universal pensions vs universal minimum pensions

Notes for a keynote address that I will deliver on November 27th to the Symposium “International Experiences on Universal Pensions” at the Polytechnic University of Hong Kong. The event is sponsored by Alliance for Universal Pensions (Hong Kong), an umbrella political action group.

Universal pensions and universal minimum pensions – the experience of Mexico City, Chile and Norway

by Larry Willmore, Research Scholar, International Institute for Applied Systems Analysis, Laxenburg, Austria

Universal pensions and universal minimum pensions are similar, with one important difference. A Universal Pension is a flat amount paid from general government revenue to all who qualify by residence or citizenship once they reach a designated age. Benefits are given regardless of a person’s employment history, income, assets, or retirement status. A Universal Minimum Pension is different only because it is tested against other pension income. It provides fewer benefits – or none at all – to those with sufficiently large employment-related pensions. This pension test is equivalent to a tax on pension income.

The three cases that I discuss illustrate distinct paths to – and from – universal systems. Mexico City is a wonderful example of successful and speedy implementation of a universal pension. Chile’s tortured history, with reforms in 1975, 1981 and 2008, has left the country with a unique hybrid of minimum pensions and social assistance pensions. Norway, which had a universal pension in the past, now provides only minimum pensions to the elderly who meet residence requirements and are not gainfully employed.

Mexico City’s modest, universal pension has functioned effectively and efficiently for ten years, without a hint of corruption.

In 1981, Chile introduced a major reform. Its most-publicised component was a switch of the contributory system from collective, pay-as-you-go pensions, to individual, pre-funded accounts.  Another, less-known component of the 1981 reform was the introduction of a minimum pension. It was twice as large as the assistance pension, with no limit on the number of beneficiaries, who were drawn almost exclusively from the wealthiest half of Chilean households.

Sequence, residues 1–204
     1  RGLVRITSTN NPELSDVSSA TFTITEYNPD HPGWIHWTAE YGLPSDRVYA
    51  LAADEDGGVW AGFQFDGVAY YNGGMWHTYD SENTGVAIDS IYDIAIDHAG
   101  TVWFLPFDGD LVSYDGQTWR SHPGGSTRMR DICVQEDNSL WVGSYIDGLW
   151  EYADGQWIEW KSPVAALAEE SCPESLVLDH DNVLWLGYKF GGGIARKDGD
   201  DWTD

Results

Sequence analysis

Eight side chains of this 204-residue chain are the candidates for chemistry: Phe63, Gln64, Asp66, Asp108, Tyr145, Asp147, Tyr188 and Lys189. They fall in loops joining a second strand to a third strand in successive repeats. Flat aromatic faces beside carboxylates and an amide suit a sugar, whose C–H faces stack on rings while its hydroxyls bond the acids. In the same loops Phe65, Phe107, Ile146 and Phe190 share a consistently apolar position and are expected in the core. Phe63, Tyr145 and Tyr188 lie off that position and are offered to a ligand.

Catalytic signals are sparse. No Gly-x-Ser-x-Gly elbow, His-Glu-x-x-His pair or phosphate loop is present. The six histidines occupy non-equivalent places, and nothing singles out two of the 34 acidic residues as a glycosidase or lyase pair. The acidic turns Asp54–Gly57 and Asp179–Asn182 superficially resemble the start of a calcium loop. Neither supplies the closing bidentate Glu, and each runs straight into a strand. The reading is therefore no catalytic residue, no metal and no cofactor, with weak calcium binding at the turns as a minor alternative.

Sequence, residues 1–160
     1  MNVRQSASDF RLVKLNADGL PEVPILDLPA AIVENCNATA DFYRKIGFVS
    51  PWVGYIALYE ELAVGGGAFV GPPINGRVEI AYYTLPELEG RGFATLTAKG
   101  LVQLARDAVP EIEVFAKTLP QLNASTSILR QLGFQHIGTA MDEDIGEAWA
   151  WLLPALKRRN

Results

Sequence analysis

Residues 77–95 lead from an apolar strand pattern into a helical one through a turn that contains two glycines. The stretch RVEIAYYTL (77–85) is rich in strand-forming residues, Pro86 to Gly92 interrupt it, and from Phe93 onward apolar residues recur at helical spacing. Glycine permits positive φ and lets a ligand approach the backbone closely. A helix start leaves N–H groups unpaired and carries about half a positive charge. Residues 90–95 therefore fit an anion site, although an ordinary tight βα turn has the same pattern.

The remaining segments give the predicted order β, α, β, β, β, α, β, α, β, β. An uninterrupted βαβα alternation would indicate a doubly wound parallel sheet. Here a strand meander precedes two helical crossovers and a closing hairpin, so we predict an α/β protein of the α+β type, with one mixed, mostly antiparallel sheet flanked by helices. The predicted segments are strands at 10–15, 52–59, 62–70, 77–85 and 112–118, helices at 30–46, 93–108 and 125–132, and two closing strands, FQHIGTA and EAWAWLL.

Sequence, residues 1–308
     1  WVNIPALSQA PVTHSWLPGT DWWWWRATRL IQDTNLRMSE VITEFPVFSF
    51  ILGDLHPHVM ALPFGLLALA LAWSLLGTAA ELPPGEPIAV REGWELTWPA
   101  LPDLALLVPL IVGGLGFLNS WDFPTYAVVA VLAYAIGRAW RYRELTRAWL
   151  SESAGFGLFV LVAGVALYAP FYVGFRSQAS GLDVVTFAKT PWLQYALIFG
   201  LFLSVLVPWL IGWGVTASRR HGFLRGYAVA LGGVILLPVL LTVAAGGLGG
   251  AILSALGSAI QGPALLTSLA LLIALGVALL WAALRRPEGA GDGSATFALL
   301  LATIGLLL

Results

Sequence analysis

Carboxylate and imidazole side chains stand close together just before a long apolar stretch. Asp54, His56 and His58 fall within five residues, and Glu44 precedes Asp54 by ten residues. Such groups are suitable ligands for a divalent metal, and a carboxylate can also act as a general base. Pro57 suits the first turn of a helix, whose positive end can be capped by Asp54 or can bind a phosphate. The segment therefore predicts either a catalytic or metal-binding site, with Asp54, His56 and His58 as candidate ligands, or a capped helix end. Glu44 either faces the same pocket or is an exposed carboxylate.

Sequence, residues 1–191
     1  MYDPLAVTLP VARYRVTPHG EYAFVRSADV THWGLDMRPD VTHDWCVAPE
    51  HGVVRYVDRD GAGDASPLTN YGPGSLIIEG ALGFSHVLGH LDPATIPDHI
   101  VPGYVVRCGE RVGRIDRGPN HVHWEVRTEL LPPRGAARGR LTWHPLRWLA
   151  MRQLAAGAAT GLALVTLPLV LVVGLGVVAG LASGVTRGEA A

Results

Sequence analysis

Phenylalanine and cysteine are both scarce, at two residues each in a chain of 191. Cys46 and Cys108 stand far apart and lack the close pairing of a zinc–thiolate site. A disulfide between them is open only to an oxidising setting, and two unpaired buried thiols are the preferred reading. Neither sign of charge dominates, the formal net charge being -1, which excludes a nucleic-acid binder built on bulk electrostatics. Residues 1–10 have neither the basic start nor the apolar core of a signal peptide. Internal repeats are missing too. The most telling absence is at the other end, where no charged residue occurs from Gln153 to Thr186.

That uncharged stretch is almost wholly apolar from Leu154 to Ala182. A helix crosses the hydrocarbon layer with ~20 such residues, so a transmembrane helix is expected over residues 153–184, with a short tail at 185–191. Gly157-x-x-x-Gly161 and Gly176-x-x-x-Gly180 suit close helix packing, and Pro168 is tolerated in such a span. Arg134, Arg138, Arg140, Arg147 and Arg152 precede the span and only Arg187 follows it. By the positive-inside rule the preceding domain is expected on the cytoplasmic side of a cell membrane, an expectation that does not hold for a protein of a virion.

There has been much disappointment in Chile with the 1981 reform. A 2008 change replaced the poorly-targeted assistance pension and the regressive minimum pension with a single “Solidarity Pension”, recovered from other pension income. The rate of recovery was initially set at 100%, but is now 50% and will fall to 37.5% next year (2012).

Chile’s “Solidarity Pension” is a minimum pension, but it is not universal because households in the upper 40% of the income distribution are not eligible for benefits. It remains to be seen whether targeting will be more accurate for this pension than it was for the assistance pension that it replaces. In time, the system might evolve into a true “minimum universal pension” or even into a universal pension.

Norway had a universal pension from 1959, but only for ten years. In 1969, the government re-introduced income-tests and became an all-too-common example of governments forcing citizens to save in order to replace a universal, flat pension with individual pensions. Norway now guarantees each qualified person a generous minimum pension that effectively amounts to 45% of the average net wage.  This is tested against other pension income and recovered at the rate of 80%.

Incentives matter. My three case studies illustrate how a government’s intervention in retirement incomes, particularly with regard to income tests, can change behaviour but often in unintended ways.  They also suggest that the more detailed the intervention, the greater is the likelihood of even greater future interventions.

Correction: With the 2011 reform, retirement from work is no longer required for receipt of a pension in Norway.

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